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According to the 2020 US Order of Precedence, former governor cearly outranks former ambassador. Former governor is 19d ar 19e (depending on whether or not you are in the state you were governor) where former ambassador is 39d.

Why then is Nikki Haley (who is both a former governor and former ambassador) referred to by the title "Ambassador Haley", rather that "Governor Haley"?

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    Do you have a particular example in mind? Her website seems to use Governor Haley; she was referred to as both Governor and Ambassador in the primary debates, but more commonly Governor. It seems to depend on who is addressing her.
    – CDJB
    Commented Feb 28 at 15:47
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    @CDJB I'm thinking in particular of the primary debates, but I have seen it in news coverage as well. Here's a transcript of Face of The Nation thin month where she was referred to as "Ambassador": cbsnews.com/news/…
    – Zags
    Commented Feb 28 at 16:24

2 Answers 2

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At the time of Haley's ambassadorship, U.N. ambassador was a considered a Cabinet-level position. It was downgraded after her exit:

WASHINGTON — The role of United Nations ambassador will once again be a non-Cabinet position following Nikki Haley's exit, a senior administration official and a source with direct knowledge tell NBC News.

...

The role of U.N. ambassador has come and gone from the Cabinet over the years, strictly at the discretion of individual presidents. Ronald Reagan, Bill Clinton and Barack Obama included the UN ambassador in their Cabinets, while George H.W. Bush and George W. Bush did not.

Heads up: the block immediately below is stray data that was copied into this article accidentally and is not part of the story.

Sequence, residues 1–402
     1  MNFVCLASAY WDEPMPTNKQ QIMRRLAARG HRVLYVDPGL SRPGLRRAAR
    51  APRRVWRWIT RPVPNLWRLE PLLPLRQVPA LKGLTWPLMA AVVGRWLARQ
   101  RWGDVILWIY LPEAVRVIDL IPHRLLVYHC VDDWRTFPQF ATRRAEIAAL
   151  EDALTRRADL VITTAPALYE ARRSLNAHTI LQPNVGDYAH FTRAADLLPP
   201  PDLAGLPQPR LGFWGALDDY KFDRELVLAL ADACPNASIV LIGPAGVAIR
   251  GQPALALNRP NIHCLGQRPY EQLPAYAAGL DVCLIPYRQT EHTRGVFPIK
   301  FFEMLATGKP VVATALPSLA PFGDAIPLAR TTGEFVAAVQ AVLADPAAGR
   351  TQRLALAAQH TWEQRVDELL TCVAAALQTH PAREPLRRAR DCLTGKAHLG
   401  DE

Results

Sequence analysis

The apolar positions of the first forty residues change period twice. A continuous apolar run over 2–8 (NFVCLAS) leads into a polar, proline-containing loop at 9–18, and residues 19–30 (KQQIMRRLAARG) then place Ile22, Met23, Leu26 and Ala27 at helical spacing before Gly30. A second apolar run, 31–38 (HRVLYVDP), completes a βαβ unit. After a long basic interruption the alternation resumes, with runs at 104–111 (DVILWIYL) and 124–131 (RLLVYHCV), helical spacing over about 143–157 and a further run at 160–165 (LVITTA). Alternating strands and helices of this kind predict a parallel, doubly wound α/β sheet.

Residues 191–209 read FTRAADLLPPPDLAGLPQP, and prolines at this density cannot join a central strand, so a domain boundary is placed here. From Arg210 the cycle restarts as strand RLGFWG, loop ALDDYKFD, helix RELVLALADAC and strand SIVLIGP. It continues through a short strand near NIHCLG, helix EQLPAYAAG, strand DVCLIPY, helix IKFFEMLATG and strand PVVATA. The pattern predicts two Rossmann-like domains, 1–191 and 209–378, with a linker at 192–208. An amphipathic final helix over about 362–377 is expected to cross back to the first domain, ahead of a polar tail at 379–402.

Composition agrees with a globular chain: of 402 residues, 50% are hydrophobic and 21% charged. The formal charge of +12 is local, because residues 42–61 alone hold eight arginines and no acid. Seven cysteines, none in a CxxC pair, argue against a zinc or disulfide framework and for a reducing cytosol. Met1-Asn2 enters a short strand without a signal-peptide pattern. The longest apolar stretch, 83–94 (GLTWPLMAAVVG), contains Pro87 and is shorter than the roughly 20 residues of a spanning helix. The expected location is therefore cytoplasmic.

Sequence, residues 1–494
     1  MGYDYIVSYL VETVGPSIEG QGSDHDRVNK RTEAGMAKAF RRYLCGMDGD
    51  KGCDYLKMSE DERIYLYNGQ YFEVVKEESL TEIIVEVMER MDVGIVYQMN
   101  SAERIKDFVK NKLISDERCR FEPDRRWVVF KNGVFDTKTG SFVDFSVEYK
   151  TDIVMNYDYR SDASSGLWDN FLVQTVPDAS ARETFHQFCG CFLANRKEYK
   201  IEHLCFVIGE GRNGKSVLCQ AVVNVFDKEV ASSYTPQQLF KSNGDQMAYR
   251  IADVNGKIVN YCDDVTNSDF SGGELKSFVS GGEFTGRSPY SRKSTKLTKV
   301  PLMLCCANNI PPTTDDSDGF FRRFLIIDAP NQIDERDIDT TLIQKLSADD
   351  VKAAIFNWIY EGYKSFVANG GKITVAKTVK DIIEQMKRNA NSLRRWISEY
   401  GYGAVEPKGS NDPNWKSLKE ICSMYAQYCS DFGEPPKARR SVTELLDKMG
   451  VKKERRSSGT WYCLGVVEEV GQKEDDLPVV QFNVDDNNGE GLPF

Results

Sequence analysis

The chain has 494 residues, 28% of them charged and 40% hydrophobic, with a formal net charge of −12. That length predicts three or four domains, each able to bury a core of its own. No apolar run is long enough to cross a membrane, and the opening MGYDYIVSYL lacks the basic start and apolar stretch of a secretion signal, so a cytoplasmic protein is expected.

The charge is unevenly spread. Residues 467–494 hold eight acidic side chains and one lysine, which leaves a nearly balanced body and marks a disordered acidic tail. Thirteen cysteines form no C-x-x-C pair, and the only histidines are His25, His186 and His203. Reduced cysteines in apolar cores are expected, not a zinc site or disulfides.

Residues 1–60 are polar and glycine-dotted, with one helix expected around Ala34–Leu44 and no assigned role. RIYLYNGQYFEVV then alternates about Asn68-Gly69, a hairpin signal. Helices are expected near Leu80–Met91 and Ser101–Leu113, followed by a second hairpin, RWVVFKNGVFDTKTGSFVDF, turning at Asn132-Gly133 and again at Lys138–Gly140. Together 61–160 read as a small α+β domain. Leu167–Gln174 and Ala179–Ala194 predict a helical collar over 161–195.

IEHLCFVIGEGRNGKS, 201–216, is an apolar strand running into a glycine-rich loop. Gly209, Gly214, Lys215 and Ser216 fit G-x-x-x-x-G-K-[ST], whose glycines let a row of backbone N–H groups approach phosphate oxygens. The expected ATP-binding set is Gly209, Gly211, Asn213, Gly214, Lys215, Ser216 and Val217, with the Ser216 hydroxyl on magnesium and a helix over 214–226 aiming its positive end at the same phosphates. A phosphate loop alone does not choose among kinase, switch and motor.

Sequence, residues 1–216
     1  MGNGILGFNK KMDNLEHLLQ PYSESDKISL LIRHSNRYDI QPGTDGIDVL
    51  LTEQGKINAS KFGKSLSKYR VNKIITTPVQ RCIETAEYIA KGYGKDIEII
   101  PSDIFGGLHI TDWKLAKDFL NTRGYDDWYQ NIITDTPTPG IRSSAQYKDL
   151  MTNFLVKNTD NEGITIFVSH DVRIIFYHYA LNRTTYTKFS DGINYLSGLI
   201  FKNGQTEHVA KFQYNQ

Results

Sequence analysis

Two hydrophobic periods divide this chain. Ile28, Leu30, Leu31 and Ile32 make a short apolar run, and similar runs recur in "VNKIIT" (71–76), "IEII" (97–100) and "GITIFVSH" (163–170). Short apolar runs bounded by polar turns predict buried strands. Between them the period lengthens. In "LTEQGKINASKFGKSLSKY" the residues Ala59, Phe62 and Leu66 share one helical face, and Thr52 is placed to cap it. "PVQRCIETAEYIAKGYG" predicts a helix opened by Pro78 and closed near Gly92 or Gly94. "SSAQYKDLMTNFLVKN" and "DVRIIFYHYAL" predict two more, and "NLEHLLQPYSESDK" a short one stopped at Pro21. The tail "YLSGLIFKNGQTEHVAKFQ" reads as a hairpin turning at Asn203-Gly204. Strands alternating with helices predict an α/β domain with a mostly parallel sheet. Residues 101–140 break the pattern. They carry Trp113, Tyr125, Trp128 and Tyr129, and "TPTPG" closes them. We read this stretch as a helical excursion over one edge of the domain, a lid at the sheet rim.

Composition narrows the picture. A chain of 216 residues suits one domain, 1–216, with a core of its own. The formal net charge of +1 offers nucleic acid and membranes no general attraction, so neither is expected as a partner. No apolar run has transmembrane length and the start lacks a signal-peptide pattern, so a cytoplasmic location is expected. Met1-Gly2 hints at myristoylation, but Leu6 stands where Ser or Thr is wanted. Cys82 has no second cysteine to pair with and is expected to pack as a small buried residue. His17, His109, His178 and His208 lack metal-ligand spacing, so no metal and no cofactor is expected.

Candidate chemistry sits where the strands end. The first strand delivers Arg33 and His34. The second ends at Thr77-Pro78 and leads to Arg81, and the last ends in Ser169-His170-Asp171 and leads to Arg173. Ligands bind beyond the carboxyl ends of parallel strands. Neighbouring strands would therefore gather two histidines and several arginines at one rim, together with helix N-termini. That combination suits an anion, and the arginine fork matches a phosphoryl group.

Haley argued for the U.N. ambassador to remain in the Cabinet after she was nominated for the position by Trump.

This introduces some ambiguity. While former ambassador ranks below former governor by a country mile, former Cabinet is slightly above it, 19b vs. 19d. So it would be defensible to call Haley by her rank while she was in the Cabinet, which was "Ambassador."

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    It's worth noting that this is an area where the etiquette is changing. There are plenty of old sources which would say that jobs where only one person holds a post at a time (including Ambassadors, Governors and US Presidents) won't keep the the title after they are replaced.
    – origimbo
    Commented Feb 28 at 15:57
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There's two reasons she wouldn't balk at "Ambassador" over "Governor".

The first is that it was her most recent political endeavor. Haley was South Carolina governor from 2011-2017, when she accepted the role of UN Ambassador. She served in that role until 2018, when she abruptly resigned. It was also a move from a state position to a national one.

The second is that it highlights her standing within the Trump administration. For an administration with lots of back-biting and vitriol, Haley left on relatively good terms with Trump

Sitting side-by-side in the Oval Office, Trump praised Haley as a “fantastic person” who has “done an incredible job” and said he would gladly welcome her back into his administration down the line.

“She’s done a fantastic job and we’ve done a fantastic job together. We’ve solved a lot of problems and we’re in the process of solving a lot of problems,” Trump said.

And later

“We’re all happy for you in one way, but we hate to lose – hopefully you’ll be coming back at some point but in a different capacity. You can have your pick,” Trump said as Haley smiled broadly.

Haley needs Trump supporters if she is to win the nomination and/or the Presidency. Reminding them of her role with Trump doesn't hurt.

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    I would think "Ambassador" would also infer a certain level of standing with the international community, while "Governor" might cause some people to view a person as a state-level player. Also she might feel it makes her stand out when there's also talk of a Governor Newsom and a Governor DeSantis swirling around the GOP hopefuls.
    – spuck
    Commented Mar 1 at 0:16

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